All the best, James,


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Feed the Birds











Now that my garden is kaput for the season, I can turn my attention to what remains. Like the coneflower heads bobbing in the frozen wind.  I don’t trim them in the fall, despite their bedraggled appearance, in hopes of luring a few birds to my dormant garden.  But that is not enough to sustain the local birds overwintering in my area. It’s time to clean and fill the bird feeders and hang out the birdseed ornaments.

Birds expend much more energy during cold periods to keep alive, while ice and snow obscure their natural seed sources.  Droughts in some parts of the country this year have further reduced the amounts of seeds and berries birds rely upon. Audubon Park, a company that sells wild bird feed, gives these 5 tips for keeping your local birds happy this winter:

  1. The right seed – research what the birds in your backyard prefer to nibble. High-fat (high-energy) foods like suet and sunflower seeds help keep them warm during frigid winter nights.
  2. Multiple feeding stations – mix it up by setting out various types of seeds in different areas, such as hanging feeders, platform feeders, and scattering some seed on the ground.
  3. Protection – place feeding spots in the sun, sheltered from the wind, and hopefully close enough to your window to provide ample glimpses of your visitors.
  4. Wet their whistle – offer clean water for drinking and bathing. Bird bath heaters keep water from freezing. Fountains with gently moving water will attract attention from birds.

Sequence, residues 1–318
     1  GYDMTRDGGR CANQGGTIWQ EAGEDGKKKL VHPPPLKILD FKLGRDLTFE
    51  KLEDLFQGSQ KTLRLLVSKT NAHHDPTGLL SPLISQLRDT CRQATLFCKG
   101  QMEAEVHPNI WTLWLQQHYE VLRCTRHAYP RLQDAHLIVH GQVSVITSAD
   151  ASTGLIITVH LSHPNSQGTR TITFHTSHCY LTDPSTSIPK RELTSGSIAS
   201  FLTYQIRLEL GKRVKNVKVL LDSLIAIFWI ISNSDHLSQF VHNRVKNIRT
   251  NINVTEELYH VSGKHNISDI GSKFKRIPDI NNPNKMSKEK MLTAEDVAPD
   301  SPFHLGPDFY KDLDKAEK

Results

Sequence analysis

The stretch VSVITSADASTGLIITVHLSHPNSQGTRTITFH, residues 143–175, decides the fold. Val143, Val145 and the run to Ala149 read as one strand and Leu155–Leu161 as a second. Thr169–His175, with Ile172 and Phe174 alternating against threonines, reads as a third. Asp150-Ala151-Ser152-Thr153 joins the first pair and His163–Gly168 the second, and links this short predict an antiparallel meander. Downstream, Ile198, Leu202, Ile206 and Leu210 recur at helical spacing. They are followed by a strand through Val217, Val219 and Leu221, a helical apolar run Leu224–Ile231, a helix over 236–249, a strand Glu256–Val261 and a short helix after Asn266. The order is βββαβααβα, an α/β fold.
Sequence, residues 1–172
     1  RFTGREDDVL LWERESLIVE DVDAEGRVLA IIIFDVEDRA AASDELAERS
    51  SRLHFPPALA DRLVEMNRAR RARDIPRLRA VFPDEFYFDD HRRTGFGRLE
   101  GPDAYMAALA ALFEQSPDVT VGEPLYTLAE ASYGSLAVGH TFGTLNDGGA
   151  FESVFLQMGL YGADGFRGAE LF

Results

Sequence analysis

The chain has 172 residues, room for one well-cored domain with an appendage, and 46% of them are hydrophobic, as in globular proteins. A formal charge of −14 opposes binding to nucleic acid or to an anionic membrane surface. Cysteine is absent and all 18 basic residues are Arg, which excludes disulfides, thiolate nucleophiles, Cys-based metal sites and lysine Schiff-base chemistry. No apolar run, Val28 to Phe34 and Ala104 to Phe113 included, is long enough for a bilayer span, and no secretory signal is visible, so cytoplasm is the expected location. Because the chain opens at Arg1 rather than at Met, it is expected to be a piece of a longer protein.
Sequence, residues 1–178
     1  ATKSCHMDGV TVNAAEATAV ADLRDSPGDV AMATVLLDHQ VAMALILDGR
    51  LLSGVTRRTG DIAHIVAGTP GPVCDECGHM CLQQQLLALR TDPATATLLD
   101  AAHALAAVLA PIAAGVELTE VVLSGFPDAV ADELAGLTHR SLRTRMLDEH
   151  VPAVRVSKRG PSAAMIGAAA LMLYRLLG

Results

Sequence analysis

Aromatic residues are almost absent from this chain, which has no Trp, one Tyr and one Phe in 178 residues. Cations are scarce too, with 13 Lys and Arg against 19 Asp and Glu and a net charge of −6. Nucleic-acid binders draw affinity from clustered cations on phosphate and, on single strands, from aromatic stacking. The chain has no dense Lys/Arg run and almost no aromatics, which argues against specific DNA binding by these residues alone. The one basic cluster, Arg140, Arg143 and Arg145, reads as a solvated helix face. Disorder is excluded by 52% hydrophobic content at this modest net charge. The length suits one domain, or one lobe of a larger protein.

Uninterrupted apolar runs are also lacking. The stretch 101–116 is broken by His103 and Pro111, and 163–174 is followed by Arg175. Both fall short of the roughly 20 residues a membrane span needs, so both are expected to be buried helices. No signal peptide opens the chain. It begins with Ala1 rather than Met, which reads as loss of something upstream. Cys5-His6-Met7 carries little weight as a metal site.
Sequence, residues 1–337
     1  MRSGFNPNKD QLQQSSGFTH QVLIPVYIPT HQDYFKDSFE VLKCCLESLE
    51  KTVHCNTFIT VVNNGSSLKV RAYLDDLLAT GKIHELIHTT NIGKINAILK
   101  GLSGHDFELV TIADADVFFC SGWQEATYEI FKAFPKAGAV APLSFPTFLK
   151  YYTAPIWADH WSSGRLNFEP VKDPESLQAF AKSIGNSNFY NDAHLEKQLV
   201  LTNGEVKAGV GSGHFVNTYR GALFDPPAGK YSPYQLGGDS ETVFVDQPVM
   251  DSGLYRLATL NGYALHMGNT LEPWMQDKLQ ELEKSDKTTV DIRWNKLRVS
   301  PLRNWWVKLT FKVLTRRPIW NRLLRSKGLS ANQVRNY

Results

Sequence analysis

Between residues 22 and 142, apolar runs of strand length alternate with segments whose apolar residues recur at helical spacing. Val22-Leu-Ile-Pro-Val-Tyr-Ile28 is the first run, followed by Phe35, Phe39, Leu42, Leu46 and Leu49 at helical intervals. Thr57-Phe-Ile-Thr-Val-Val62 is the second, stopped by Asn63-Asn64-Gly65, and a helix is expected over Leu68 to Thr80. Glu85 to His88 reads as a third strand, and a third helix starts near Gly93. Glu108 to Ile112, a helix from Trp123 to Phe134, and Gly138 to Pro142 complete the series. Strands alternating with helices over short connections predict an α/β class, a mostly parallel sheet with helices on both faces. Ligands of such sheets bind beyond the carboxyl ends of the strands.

5. Landscape for the birds – Birds appreciate a variety of plants regardless of the season. Shrubs, tall grasses, and trees provide shelter from wind and predators as well as nesting space.

For more information on what and how to care for the birds in your neighborhood this winter, check out:


Country Gardens Awards!

Just wanted everyone to know that we’ve notified the winners of our 16th Annual Country Gardens Awards and will be photographing CG readers’ gardens this coming season in Oregon, Michigan, Florida and Washington. Plus, we’re especially psyched to let you know that Cool Wave Pansies will be officially presenting our 17th Annual Awards for 2015! If you’d like to see your garden in the pages of America’s favorite garden magazine, be sure to enter. Look for these award-winning gardens in the Fall 2015 issue, which goes on sale next August.